While I have had the Anchor Steam Beer on a few occasions over the years, for whatever reason, it wasn’t until recently that I started to dig deeper into the rest of Anchor Brewing’s line-up, and boy am I glad I did! In the past five months, I have grown to really appreciate their Christmas and Liberty Ales, and I am happy to report that their Porter is also supremely delicious. It has everything you look for in a dark beer but without the high octane punch of a Russian Imperial Stout or a Baltic Porter. Don’t get me wrong, I have grown to love those big beers, but they’re not something that I would want to drink on a daily basis. For those times when I crave a dark beer, but don’t want to go overboard, Anchor Porter is definitely worth considering. The verdict: a true American classic!

17 replies »

  1. We just tasted our home-brew porter and were thrilled. I find it’s one of the varieties of beer that is really hit or miss. I love the traditional flavors we expect in a porter but hate when they are overwhelming. I’ll have to try the Anchor soon! Thanks!

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    • Glad to hear that I’m not the only one that missed the boat on this beer. It was really well done! Great Lakes Edmund Fitzgerald and Maine Beer Company King Titus are great too, but they’re a bit higher octane. If ever there were a session porter, this would be it.

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    • I’d say it’s well worth trying, and since you’re already on the West Coast, I bet you can get a super fresh version.

      How about an Anchor Porter “Beer and a Movie” review with a movie that was filmed in San Fran in 1974 (the first year this beer was bottled)? Apparently, The Conversation will fit the bill. Or you can go with any of the Dirty Harry films.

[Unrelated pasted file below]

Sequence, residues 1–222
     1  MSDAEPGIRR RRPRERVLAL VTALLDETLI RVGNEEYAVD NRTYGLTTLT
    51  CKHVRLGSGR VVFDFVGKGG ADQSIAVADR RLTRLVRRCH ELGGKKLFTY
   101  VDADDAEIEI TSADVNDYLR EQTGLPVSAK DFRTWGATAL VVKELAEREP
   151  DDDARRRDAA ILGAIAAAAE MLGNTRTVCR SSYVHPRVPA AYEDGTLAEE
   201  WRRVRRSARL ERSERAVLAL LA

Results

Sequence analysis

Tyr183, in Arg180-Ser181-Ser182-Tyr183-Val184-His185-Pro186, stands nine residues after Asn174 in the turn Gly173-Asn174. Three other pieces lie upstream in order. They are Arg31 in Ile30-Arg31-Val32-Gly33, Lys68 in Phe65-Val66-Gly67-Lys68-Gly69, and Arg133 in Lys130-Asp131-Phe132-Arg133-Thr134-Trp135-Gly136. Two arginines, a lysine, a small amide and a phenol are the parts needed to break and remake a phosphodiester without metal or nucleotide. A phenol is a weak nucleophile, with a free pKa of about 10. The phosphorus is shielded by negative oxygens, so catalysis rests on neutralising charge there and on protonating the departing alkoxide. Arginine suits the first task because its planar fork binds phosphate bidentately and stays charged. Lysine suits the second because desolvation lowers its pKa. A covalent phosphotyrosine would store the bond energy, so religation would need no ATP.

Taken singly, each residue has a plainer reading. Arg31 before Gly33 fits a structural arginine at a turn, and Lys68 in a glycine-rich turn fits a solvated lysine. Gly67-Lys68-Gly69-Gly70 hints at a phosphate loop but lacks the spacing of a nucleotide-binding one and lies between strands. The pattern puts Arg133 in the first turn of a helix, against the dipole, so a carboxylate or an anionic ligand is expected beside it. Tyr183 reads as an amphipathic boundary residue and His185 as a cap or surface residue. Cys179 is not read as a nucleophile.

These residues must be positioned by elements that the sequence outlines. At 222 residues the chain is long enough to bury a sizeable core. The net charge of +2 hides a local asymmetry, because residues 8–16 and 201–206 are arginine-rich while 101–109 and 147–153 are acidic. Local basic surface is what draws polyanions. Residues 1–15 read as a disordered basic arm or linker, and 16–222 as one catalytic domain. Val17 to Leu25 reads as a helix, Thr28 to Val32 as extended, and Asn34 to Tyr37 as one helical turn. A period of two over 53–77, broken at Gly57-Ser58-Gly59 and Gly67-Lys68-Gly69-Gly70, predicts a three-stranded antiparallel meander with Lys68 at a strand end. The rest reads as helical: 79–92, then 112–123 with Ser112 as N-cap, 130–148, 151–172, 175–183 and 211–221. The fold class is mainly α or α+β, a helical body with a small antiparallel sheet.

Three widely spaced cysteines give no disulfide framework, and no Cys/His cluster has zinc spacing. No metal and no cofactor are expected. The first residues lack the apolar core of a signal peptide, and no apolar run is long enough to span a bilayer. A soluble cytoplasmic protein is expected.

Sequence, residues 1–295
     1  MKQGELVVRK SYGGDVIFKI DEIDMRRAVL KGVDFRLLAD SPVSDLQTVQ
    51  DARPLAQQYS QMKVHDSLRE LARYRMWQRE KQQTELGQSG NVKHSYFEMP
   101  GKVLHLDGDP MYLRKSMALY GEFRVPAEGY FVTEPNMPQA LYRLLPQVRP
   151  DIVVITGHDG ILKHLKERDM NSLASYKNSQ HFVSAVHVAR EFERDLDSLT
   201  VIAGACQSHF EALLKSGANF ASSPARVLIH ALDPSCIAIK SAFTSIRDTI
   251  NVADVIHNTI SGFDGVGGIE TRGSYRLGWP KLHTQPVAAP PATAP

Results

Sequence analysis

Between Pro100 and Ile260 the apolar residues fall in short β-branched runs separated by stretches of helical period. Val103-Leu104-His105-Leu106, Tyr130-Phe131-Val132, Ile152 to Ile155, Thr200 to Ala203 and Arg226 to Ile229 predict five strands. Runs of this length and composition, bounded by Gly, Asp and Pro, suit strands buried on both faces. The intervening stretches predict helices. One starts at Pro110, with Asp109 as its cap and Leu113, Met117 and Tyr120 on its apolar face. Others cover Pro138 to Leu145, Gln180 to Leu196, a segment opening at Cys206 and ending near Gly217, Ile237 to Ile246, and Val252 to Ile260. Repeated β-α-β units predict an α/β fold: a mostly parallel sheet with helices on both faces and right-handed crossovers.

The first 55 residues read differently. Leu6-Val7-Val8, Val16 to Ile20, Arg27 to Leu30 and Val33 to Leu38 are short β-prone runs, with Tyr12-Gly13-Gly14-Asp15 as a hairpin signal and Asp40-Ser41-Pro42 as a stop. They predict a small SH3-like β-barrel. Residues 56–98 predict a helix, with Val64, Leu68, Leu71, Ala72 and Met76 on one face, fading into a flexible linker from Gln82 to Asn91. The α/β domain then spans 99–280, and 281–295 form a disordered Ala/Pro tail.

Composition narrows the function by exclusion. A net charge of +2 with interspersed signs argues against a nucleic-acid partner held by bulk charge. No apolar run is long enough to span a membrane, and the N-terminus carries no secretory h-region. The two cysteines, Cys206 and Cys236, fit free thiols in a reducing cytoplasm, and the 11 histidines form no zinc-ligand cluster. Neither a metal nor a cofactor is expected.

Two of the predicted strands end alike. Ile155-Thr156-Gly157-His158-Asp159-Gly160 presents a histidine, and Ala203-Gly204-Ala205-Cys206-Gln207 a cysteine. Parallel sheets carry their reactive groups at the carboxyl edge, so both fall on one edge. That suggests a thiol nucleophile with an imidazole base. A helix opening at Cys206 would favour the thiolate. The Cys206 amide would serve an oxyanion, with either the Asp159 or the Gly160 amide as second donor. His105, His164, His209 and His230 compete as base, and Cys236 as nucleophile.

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      • Yes, one of the benefits of being on the West Coast is that brews from the likes of Anchor, Stone and Lagunitas are readily available everywhere.

        And Dirty Harry’s been on the BAAM docket for awhile. Just trying to nail down a copy. BUt if that doesn’t work out, fortunately there are plenty of movies that take place in SF that are worth watching. For example: any film noir ever. Thanks for suggestions!

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  2. Did you ever have one of those days when you woke up wondering what it might be like to spend 4 or 5 hours individually drying miniature marshmallows with a circa 1977 Vidal Sassoon hair dryer (sans diffuser) in order to recreate larger than life statues of popular folk/rock singer’s torsos?

    Me neither.

    But tomorrow’s another day.

    I’ve always been a fan of Anchor Brewing. Anchor Steam was my first craft beer epiphany beer in the Fall of 1984. Ever since then they’ve had a special place in my craft beer fridge. Their Christmas “Our Special” Ale is at the top of my list of most anticipated seasonals every year – regardless of season. Anchor Porter is rock solid. Very hard to beat if you’re looking for a traditional domestic Porter. Consistently excellent. Ages reasonably (though unintentionally) well too.

    Cheers!

    ….wonder if one of the newer model hair dryers would do the trick……

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  3. You should try Anchor Summer Beer. It’s not overly citrus like some other beer in this style. If you’re thinking about trying it out you can read my review at headoverbeers.wordpress.com